The Tap Restaurant + Brewery Says That Bank Collusion Led to Closure


Jerry Berhorst behind the bar at The Tap Restaurant + Brewery in happier times. - PHOTO BY MABEL SUEN
  • Jerry Berhorst behind the bar at The Tap Restaurant + Brewery in happier times.

The Tap Restaurant + Brewery (3803 Elm Street, St. Charles) was forced to close its doors in early November. But the problem wasn't a lack of patrons. The problem, says owner Jerry Berhorst, was its lender.

The two-and-a-half-year-old St. Charles hotspot offered diners more than 300 beers on tap, spacious digs and a robust bar menu. It attracted everyone from local union members to Missouri Rush Soccer Club players to no less than August Busch III. The restaurant was becoming a favorite watering hole in a part of the metro area that's been experiencing major growth.

Then came the bank trouble.

Berhorst claims that the bank he purchased the building from and the bank that lent him the money to do it — New Frontier Bank and the Peoples Bank & Trust, respectively — colluded to take the building back from him.

“There’s a lot of restaurateurs and night club folks that go out of business for a million reasons, and that was not us at all,” he said. “We bought a $4 million building for $890,000, we had a multi-million dollar business that was solidly profitable, and we just got screwed.”

After being told that their loan was in good standing last June, Berhorst says he and his wife were strung along by their lender. They were told the loan was not in place, effectively forcing them to pay close to a million dollars in a few days or lose their business.

And just like that, the profitable restaurant was lost, the building auctioned off on the courthouse steps, back to the very bank that sold the property to the Berhorsts in the first place — New Frontier Bank. Berhorst says the bank reacquired the property for $150,000 less than what he'd spent on it – even though the property was already worth more than what he'd paid.

Berhorst would later discover that New Frontier Bank is really a bank holding company, and has debts that are controlled by his lender, the People’s Bank & Trust – all information that was not disclosed to Berhorst prior to the sale of the property.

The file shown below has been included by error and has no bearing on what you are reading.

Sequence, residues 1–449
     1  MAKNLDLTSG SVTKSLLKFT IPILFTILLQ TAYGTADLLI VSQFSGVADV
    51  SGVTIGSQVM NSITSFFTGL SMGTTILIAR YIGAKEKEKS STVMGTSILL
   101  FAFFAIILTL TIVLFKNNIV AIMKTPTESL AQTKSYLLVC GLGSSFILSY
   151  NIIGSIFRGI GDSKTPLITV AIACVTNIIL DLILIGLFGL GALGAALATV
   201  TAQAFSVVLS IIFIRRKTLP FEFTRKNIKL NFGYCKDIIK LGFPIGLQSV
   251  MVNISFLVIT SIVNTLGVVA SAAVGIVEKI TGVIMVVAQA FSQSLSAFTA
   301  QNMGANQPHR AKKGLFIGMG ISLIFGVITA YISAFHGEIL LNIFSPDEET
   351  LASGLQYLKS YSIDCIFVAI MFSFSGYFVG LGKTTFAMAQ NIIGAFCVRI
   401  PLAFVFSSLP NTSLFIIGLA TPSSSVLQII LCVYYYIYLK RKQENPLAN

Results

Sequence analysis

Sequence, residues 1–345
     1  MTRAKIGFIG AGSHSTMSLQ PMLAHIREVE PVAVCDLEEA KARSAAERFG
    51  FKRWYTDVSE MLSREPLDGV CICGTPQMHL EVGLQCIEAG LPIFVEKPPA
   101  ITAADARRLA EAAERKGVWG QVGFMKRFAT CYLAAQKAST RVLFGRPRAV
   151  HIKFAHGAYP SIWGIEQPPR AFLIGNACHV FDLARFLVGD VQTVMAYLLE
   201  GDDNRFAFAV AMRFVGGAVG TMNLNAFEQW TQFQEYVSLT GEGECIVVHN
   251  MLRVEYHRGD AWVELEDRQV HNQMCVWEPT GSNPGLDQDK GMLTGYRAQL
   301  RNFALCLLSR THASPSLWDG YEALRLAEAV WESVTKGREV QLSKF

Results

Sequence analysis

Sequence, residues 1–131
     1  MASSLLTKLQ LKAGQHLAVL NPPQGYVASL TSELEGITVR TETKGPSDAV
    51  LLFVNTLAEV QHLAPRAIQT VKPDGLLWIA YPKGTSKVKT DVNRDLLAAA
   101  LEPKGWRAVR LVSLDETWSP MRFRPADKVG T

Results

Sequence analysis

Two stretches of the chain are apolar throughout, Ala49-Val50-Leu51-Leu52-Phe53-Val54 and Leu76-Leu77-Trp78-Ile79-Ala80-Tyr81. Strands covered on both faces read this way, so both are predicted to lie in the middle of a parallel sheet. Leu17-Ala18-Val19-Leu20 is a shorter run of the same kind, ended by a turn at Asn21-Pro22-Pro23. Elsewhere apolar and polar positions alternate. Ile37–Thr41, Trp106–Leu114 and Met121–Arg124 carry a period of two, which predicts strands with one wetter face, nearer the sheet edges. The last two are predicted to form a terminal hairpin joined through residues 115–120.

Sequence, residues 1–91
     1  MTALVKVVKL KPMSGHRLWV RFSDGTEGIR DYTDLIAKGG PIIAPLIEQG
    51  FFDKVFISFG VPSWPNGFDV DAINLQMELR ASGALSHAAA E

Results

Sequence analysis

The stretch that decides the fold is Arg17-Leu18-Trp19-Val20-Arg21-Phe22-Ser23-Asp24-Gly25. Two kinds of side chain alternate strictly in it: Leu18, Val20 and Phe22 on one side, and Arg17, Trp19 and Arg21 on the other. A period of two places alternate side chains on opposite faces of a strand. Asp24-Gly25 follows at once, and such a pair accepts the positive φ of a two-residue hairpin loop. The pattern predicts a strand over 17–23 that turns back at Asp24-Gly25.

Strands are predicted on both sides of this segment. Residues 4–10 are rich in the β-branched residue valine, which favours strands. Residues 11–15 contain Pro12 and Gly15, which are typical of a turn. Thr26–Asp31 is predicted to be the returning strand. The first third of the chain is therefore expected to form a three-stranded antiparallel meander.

“I never believed that this kind of thing happens it America, but it definitely does,” Berhorst says.

Neither company responded to messages seeking comment.

This is not the first time New Frontier Bank has been accused of wrongdoing. The bank holding company has dealt with several complaints and financial problems over the years, including being fined $70,000 by the FDIC for violating a federal consumer disclosure and anti-kickback act, as reported by the St. Louis Post-Dispatch in 2014.

Berhorst isn't going down without a fight. He’s contacted the Federal Reserve and the FDIC, as well as the Consumer Financial Protection Bureau. He believes he's making headway.

Berhorst is hopeful that something good will come of it, but he’s prepared for a long fight.

“We’re not like a lot of other folks, this isn’t just going to go away. My wife and daughter were out picketing with us, we’ve got a great legal team looking into everything – losses take a long time but we don’t want anyone else getting screwed,” he said. “It’s one thing if you have a bad business and go out of business but it’s another thing when you have to go out of business to protect what little you have left because of these bankers.”

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